Parents set to benefit from £6.7m childcare boost to help work life balance

Parents of primary school children are set to benefit from a boost to the number of childcare places in a bid to help them better manage their work life balance.

As part of the government’s national “wraparound” childcare programme, Lancashire County Council has been awarded more than £6.7m to help support schools and other providers to increase the availability of care and activities at either end of the school day. The funding can be used to expand existing services or create entirely new facilities.

Almost £504,000 of that cash pot is ringfenced for the so-called capital costs of creating new places, while the remainder – paid mostly across the 2024-25 and 2025-26 academic years – is designed to ensure providers have the necessary financial support while the demand for wraparound places builds.


The government has said that parents and carers should expect to see an increase in before and after school options for their children from September 2024, with care provided between 8am and 6pm.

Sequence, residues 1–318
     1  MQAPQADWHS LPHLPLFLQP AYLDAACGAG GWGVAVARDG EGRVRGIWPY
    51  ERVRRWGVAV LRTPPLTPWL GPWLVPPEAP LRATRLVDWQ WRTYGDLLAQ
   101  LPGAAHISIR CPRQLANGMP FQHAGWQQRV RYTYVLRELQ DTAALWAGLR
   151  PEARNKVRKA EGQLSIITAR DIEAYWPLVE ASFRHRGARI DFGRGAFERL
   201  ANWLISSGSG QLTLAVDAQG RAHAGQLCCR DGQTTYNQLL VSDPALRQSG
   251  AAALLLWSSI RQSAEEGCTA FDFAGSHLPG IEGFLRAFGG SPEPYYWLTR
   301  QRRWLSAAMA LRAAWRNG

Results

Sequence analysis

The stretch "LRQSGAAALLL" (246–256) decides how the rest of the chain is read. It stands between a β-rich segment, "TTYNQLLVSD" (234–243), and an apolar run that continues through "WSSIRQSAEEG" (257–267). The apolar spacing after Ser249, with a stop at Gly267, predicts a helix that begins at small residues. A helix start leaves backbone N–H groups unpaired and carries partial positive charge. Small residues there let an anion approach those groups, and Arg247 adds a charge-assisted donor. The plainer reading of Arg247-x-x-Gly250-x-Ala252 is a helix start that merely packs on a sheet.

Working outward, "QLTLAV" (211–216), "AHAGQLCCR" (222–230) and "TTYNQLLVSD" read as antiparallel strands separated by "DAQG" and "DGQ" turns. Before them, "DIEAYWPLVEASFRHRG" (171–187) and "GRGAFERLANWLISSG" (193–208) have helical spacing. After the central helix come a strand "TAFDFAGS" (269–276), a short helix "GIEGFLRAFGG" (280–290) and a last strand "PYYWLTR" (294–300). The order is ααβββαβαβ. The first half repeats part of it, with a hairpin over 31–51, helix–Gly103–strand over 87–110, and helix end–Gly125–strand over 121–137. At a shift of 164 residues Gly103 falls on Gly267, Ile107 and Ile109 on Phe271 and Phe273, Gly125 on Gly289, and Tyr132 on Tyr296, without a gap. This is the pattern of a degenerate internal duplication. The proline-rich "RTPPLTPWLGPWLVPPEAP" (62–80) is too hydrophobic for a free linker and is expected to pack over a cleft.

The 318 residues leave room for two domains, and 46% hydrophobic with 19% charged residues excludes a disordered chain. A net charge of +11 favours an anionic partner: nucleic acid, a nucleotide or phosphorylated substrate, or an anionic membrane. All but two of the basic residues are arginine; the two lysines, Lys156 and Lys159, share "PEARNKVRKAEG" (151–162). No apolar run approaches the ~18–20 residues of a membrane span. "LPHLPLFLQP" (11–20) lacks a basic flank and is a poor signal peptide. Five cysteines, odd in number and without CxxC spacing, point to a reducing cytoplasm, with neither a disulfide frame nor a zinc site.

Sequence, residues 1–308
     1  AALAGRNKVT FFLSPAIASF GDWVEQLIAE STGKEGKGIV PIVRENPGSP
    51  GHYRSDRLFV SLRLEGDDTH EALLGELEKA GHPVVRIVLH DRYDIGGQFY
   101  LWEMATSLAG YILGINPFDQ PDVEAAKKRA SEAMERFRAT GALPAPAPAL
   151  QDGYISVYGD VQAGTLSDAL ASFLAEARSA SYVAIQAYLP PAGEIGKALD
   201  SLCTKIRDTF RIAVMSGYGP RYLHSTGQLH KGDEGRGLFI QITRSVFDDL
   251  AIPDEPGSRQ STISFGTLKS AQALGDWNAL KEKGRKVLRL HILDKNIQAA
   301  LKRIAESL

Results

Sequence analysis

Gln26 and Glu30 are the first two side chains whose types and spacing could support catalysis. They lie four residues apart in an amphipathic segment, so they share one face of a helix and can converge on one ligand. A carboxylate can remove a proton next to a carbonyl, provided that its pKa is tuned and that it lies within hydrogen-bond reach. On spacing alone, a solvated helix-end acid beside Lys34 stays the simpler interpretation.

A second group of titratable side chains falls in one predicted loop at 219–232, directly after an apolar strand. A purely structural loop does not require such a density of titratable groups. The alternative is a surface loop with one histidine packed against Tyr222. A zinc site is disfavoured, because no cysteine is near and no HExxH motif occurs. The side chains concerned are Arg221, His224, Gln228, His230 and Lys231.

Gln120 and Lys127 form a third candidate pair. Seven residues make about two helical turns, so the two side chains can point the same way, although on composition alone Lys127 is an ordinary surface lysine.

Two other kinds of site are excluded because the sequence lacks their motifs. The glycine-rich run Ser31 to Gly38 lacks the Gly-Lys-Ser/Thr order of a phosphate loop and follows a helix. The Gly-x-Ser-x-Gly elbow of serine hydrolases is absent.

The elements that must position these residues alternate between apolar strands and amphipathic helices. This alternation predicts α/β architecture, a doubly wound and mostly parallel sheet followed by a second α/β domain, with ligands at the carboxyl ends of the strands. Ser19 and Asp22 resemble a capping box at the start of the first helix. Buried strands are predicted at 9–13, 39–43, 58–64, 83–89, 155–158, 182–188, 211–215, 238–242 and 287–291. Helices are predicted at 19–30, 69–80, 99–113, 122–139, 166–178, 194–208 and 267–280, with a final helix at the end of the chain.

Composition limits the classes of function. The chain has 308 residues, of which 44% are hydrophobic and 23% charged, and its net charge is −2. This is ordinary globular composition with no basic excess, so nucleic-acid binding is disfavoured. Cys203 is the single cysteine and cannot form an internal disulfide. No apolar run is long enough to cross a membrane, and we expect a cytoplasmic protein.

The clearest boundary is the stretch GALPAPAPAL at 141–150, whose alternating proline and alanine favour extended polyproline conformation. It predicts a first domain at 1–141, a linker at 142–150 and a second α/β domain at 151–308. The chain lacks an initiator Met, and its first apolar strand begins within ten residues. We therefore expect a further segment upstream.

Schools and the private, voluntary and independent (PVI) sector will be able to apply for funding to create or extend wraparound provision in order to support the families of primary school children with decisions about returning to work, taking on new jobs or simply working the hours they wish.

According to a recent meeting of Lancashire County Council’s cabinet – at which the grant funding was accepted – applications for the expansion of wraparound services will be considered ahead of any proposals to establish brand new facilities. Only where expansion by existing providers does not meet a shortfall in places would applications for new services be progressed.

Demand for – and current provision of – wraparound care has been assessed via parent surveys and data supplied by those places already offering it. The current availability has been mapped across the different areas County Hall uses for school place planning purposes.

A number of providers are not currently offering ‘full’ wraparound provision for the extended school day.

Cabinet member for education and skills Jayne Rear told colleagues that the aim was for wraparound services to become “self-sustainable” by March 2026, just ahead of when the revenue funding to support them runs out.